How to Use a Router as a Repeater

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How to use a router as a repeater
Copy over the settings Ignore any setup wizards, and go to the Wi-Fi settings page. Finally, you will get an option to reboot. This function will be taken over by the main router, or by the ISP that provides the Internet connection to your location. If you have a large house or simply a Wi-Fi blackspot, you can use a second router to cure the problem. After the password is entered, the router will display its initial status page, with links to the various administration settings. Connect your computer to the router using a standard Ethernet cable.

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How to Extend Wi-Fi Network Using an Old Router as a Repeater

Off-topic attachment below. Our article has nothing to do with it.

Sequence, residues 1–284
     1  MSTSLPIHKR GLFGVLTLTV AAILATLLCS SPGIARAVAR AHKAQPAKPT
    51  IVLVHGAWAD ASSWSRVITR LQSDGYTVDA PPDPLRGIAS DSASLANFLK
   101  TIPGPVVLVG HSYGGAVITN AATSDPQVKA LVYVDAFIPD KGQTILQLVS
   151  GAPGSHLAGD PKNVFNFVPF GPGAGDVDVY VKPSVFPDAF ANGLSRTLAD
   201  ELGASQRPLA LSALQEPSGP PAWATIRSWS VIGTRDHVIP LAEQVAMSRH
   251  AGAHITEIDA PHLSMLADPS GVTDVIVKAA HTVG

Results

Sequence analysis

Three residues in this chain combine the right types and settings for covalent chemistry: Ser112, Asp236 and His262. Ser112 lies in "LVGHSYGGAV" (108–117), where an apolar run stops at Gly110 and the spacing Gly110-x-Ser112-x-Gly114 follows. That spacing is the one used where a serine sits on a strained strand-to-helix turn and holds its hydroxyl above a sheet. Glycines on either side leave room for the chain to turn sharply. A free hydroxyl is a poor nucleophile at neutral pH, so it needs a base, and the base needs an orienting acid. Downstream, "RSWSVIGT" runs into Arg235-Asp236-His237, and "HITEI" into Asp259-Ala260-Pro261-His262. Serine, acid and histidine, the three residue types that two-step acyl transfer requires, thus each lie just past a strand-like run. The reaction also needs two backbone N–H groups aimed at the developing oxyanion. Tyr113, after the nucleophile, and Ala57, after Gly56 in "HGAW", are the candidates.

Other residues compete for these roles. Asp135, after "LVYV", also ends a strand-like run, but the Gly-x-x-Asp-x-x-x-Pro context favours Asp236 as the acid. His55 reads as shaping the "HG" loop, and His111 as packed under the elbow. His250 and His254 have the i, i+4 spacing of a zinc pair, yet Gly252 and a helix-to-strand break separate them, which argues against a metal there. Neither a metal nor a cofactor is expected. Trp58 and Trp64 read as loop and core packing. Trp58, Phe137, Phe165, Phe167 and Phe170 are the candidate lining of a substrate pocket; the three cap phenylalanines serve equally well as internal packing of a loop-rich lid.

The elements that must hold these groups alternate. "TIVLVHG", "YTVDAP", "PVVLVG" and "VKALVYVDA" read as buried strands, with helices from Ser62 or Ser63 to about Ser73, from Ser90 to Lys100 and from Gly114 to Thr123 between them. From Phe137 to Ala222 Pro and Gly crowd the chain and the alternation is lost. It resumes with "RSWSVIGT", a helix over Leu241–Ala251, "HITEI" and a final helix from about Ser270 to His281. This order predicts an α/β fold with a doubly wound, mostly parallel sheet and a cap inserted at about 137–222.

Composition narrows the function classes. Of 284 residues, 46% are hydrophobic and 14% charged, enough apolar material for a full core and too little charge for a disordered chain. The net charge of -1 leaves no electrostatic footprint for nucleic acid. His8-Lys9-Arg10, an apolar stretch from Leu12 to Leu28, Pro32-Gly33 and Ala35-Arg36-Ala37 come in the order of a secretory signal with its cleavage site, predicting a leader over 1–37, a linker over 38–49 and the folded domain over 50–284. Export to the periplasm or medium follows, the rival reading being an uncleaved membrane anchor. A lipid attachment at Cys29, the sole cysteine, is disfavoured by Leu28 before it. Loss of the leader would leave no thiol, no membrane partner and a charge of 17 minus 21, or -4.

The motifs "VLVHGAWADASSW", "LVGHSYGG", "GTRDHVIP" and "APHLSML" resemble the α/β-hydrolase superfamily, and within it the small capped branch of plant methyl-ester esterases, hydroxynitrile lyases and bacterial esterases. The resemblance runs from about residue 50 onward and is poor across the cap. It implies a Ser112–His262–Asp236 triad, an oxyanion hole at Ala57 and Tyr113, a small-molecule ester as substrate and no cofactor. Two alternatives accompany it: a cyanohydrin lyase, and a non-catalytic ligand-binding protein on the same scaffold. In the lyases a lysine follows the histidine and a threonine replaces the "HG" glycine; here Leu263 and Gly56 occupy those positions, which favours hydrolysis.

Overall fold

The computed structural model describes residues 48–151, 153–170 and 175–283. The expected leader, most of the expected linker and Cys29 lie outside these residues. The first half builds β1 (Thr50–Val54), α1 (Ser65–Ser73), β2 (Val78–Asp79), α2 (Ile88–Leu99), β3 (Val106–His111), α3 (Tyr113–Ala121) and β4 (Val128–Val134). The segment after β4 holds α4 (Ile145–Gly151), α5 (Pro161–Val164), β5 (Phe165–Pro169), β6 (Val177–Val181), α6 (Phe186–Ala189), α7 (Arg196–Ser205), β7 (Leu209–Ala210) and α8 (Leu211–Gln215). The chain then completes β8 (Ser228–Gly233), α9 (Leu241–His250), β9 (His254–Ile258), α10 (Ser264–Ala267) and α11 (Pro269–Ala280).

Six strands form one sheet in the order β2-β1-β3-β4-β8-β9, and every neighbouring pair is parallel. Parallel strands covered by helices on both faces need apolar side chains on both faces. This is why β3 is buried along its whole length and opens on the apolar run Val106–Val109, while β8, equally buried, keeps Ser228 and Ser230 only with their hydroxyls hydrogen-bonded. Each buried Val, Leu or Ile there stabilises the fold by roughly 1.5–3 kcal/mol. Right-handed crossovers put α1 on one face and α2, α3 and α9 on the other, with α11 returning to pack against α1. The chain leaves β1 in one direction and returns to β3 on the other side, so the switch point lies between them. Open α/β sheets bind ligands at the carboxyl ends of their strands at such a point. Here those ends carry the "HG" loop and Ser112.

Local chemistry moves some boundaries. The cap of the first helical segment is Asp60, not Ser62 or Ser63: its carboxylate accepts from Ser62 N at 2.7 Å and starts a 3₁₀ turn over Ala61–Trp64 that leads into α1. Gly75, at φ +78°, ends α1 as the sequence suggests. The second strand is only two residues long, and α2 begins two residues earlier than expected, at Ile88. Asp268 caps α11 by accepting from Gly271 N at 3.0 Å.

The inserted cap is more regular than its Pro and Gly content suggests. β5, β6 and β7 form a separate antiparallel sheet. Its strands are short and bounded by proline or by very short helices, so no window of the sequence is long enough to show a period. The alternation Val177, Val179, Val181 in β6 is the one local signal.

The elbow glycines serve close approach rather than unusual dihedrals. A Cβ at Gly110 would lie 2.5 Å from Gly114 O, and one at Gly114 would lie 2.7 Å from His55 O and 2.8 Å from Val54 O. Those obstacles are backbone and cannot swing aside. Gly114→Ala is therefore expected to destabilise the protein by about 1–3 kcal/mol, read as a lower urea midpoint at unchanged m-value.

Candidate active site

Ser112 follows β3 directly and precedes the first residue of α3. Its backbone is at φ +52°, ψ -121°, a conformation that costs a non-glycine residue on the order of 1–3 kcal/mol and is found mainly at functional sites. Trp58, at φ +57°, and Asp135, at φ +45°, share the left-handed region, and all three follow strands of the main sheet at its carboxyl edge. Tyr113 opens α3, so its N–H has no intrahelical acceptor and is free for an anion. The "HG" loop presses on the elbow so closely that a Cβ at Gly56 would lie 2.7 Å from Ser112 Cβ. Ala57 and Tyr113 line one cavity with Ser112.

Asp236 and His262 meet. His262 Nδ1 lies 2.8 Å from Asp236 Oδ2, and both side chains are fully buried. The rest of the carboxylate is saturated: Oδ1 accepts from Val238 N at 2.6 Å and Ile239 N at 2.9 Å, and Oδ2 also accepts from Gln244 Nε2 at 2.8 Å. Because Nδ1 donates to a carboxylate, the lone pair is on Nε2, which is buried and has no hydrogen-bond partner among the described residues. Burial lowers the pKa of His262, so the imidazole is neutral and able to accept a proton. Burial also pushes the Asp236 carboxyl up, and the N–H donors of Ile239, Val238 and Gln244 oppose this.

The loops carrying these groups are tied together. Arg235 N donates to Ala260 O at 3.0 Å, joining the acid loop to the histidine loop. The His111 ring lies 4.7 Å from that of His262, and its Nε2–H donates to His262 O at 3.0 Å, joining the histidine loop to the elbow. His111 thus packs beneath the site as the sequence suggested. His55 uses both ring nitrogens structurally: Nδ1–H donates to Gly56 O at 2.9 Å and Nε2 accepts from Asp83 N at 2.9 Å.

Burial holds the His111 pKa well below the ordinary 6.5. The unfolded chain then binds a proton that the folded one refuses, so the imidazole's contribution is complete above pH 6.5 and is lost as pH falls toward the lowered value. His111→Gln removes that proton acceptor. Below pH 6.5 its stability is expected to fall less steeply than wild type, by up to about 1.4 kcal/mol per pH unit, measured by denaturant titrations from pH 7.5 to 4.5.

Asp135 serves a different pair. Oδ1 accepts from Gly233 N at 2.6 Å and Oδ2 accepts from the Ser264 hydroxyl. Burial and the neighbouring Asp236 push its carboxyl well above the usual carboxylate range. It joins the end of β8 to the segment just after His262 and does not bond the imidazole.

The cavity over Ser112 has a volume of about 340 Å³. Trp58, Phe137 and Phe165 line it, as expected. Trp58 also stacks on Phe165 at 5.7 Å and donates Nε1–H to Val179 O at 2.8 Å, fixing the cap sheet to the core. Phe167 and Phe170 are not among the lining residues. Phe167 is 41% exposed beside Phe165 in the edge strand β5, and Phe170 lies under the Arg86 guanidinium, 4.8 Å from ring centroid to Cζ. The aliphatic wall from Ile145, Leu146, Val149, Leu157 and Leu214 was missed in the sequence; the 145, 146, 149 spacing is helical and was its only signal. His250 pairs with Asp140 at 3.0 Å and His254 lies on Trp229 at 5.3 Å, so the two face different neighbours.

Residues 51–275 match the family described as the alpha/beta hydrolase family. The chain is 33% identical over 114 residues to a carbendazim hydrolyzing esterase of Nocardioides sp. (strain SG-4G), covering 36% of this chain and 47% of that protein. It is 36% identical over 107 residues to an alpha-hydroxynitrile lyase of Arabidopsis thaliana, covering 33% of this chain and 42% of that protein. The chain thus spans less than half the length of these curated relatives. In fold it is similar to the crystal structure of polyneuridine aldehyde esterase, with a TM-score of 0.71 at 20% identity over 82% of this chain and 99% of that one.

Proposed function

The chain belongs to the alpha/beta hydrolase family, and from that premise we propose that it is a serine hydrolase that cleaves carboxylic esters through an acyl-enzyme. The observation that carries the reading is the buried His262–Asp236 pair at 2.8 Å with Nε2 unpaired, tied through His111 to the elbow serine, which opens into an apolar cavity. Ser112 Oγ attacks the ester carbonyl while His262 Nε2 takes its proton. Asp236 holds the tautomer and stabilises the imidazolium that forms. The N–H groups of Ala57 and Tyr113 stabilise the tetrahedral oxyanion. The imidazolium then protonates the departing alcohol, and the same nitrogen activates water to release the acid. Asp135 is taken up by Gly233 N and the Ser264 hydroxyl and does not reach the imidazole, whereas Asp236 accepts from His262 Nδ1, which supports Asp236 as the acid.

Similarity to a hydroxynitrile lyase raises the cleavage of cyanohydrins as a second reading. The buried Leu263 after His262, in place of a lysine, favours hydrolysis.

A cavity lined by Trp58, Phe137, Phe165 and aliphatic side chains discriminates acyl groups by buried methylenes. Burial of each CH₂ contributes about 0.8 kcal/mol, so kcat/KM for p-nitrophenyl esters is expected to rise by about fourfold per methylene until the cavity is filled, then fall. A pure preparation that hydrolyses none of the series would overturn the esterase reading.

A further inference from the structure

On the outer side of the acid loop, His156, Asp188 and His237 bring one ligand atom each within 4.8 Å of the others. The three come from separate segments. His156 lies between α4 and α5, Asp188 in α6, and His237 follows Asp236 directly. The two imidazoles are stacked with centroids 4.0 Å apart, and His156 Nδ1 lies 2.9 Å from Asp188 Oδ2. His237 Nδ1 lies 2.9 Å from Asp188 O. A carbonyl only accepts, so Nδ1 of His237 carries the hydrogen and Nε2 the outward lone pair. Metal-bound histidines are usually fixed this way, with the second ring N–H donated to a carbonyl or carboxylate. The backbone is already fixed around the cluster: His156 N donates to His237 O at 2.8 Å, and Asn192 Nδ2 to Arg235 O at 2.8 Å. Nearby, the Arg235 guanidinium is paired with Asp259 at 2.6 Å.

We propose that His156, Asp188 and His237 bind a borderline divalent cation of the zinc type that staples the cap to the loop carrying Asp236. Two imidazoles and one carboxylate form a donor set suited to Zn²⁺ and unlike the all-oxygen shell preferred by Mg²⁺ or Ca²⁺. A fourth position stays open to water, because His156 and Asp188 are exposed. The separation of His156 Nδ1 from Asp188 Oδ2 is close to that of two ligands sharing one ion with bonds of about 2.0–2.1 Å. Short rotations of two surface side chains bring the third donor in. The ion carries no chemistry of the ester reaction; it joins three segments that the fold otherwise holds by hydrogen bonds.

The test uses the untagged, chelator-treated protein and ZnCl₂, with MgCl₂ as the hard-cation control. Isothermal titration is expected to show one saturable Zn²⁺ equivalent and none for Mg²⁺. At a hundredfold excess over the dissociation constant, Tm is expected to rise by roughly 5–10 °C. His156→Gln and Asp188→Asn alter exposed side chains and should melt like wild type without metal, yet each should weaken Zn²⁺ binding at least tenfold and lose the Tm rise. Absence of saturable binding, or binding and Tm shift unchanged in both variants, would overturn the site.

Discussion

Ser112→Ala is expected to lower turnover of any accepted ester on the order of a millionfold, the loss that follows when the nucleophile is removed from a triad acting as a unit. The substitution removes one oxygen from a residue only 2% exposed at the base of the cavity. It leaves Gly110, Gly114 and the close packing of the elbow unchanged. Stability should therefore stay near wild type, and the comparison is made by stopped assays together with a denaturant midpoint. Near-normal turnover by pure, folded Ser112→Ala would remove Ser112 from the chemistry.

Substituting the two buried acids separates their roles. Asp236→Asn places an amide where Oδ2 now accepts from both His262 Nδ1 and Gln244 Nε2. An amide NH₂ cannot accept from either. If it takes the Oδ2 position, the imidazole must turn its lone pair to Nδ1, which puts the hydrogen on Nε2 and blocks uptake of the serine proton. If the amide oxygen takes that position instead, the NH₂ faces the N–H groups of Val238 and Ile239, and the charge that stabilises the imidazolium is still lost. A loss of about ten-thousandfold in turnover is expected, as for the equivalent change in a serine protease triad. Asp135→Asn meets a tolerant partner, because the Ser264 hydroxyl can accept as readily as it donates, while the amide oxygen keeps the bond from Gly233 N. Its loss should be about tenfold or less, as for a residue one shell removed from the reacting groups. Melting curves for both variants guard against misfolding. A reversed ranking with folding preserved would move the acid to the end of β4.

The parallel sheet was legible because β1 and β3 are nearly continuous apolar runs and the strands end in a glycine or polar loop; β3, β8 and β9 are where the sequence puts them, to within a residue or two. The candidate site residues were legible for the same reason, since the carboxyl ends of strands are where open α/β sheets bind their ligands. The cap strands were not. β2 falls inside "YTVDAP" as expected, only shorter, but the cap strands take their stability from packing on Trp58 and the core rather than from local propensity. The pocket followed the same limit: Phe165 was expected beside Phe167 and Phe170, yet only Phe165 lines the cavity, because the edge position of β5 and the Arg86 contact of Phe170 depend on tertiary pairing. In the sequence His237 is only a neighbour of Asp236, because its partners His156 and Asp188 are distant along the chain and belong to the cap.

Head to the LAN setup page or simialr and give the router an IP address in the same range as the IP addresses given out by my main router, but outside of the range that is automatically assigned by DHCP. Dynamic Host Communications Protocol is the process by which a device issues IP addresses to equipment on the network.

You need to stop the slave router giving out IP addresses to devices, leaving that task in the hands of the primary router. Disable DHCP by un-ticking it on the relevant configuration page. To assign a fixed IP address, let's assume the main router has an address of Give the slave router an IP address of Remember this address as you might need it to access this router later.